A memory of her grandma reciting an original poem at the grand opening of a senior's social and activity club in Collingwood inspired Jenn Gerynowicz to revisit the club and old pastimes by dusting off the dance floor at the Leisure Time Club.
“This story has Hallmark all over it,” laughed Gerynowicz, granddaughter of the late Norma Scott.
Scott was known in Collingwood as a poet, and was often asked to contribute an original piece for special occasions, which included the grand opening of the Leisure Time Club in 1988. Gerynowicz attended the event with her grandma, eager to hear the poem she wrote for the occasion.
“I was 15 when she read the poem for the opening and the mayor cut the ribbon,” said Gerynowicz.
Years later, as Gerynowicz approached 50, she dug up her grandma’s book of poems, seeking inspiration for an upcoming venture she was working on that focused on older adults. Leafing through its pages, she was struck by the wisdom in Scott's words, especially about the significance of human connections as we age. It hit her: the Leisure Time Club, with its supportive community atmosphere, plays a key role in providing a space where older individuals can find companionship and a sense of belonging in the community.
“I wanted to do something for them,” she said. “I had this insight about connection and how important it is once people are retired and no longer have a ‘normal’ social life, they really need those connections.”
Driven by this desire, Gerynowicz met with the board of directors to learn about existing gaps in programming, funding and volunteer support. She saw the club’s upcoming anniversary as an opportunity to inject fresh energy and enthusiasm, so she decided to organize an event that would evoke the grandeur of the club's inception.
She planned a community dance to celebrate the club and the connections forged there.
News of the upcoming celebration spread throughout Collingwood, sparking excitement and anticipation among both Leisure Time Club members and the wider community. The response was overwhelming, said Gerynowicz, with folks expressing their enthusiasm to reconnect after a period of pandemic-induced isolation.
“There was energy in the building,” she said. “There was excitement amongst the seniors in this community. They haven’t had a dance for the club ... in years – funding is difficult and volunteers are hard to get.”
Gerynowicz also decided that her newly launched venture, Techie Nesters — which offers tech support and other helpful services for older adults — would sponsor the event, so she made it free for Leisure Time Club members and priced tickets at $30 for non-members. Due to the club’s affordable $35 annual membership fee, a number of attendees decided to join the club instead of just purchasing a ticket, resulting in an influx of new members into the community.
As the doors swung open on June 29, the dance floor beckoned, and beats from the handpicked band filled the air, Gerynowicz said it was impossible to resist the pull of the music. The energy in the room was electric as Leisure Time Club members and guests hit the dance floor, twirling and laughing, with big grins plastered across their faces.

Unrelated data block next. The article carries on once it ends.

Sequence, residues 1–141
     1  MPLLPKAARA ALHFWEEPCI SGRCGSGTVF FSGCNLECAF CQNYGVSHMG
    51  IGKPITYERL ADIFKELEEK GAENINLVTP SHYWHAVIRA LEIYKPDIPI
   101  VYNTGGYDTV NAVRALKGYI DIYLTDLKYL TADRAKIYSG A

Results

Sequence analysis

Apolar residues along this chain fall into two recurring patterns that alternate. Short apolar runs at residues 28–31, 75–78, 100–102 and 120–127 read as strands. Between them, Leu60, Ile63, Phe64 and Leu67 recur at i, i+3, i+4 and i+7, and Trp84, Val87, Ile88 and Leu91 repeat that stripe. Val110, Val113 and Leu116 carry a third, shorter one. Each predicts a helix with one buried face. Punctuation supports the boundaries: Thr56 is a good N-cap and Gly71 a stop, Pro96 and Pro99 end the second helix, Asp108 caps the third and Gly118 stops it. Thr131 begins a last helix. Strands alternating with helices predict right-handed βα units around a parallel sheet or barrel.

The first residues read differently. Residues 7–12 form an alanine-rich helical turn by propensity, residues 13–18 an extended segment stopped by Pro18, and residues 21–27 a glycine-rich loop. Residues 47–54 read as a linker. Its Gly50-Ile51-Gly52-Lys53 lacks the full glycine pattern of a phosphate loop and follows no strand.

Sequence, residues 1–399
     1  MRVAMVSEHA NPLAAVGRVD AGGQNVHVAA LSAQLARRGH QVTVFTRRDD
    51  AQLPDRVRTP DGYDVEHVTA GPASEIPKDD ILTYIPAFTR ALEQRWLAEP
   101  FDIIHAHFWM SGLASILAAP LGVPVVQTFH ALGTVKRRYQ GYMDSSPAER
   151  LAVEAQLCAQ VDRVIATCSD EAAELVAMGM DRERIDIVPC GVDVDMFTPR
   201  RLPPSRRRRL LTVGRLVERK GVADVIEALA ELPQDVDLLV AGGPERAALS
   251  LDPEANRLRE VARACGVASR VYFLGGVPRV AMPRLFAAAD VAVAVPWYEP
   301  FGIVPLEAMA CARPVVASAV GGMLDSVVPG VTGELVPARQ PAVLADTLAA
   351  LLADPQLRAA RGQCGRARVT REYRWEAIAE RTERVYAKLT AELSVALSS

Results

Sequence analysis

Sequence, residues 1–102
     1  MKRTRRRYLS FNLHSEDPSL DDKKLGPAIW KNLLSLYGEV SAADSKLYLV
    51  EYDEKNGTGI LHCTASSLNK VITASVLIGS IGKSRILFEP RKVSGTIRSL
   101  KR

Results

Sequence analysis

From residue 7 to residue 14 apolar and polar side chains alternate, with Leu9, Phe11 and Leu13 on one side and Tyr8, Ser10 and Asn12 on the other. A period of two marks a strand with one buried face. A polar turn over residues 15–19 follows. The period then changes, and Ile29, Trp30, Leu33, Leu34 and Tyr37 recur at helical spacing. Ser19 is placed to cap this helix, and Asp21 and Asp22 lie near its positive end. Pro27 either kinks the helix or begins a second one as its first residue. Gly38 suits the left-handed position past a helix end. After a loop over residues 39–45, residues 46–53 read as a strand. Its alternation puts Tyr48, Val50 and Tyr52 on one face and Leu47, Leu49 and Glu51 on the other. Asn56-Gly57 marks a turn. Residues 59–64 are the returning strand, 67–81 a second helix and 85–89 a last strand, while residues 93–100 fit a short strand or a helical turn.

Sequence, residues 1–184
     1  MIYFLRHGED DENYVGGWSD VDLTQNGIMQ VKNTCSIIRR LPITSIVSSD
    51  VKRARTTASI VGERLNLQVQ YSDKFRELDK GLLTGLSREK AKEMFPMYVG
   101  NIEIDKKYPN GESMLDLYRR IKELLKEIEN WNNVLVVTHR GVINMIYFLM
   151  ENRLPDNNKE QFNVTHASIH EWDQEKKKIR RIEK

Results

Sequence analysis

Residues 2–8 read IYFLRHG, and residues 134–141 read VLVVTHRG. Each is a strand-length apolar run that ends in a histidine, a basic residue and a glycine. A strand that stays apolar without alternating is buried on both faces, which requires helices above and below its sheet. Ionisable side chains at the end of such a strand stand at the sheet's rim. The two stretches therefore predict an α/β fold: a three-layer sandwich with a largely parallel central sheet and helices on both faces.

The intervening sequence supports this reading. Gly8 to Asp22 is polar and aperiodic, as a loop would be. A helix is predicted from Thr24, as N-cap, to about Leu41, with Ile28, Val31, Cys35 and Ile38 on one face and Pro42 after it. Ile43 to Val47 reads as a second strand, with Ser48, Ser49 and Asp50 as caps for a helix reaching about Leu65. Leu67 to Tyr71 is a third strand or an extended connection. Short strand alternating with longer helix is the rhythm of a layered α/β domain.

“The dance floor was not empty, ever,” said Gerynowicz. “People came ready to party, it was awesome.”
In a heartwarming tribute to Norma Scott's poetic prowess, the lead singer of the band recited Scott's original poem from 1988.
The celebration left Leisure Time Club members yearning for more events of its kind, with volunteers at the club saying that people were coming up to them asking to host social events more often.
“People were coming up to us saying we need to do an event like this every month!” said Gerynowicz.
June Murray, who is in charge of compassionate care at the Collingwood Leisure Time Club said in response, a social committee has been created to host other social events at the club — including more dances.
“We never had that before,” said Murray. “We want to do a lot of socials for the members, and do other activities to introduce the club to non-members as well.”
Murray said she told her neighbour, who previously wasn’t a member of the Collingwood Leisure Time Club, about the event. She purchased a membership out of curiosity and Murray said her neighbour has thanked her every day since.
“There are a lot of people in town who don’t know about the club. So building that awareness is great,” she said.
The Leisure Time Club was founded in 1988 by a dedicated group of community members who managed to raise enough funds and eventually incorporated it as a non-profit corporation. In order to be eligible to join, members must be at least 50 years old or older.
The Leisure Time Club now has over 1,100 members from Collingwood, Wasaga Beach, Meaford, Feversham and further, and offers programs that include everything from the numerous bridge lessons and leagues, to billiards, shuffleboard, painting, line dancing, exercise classes, quilting, and much more.
You can find more information and contact details on the Leisure Time Club website.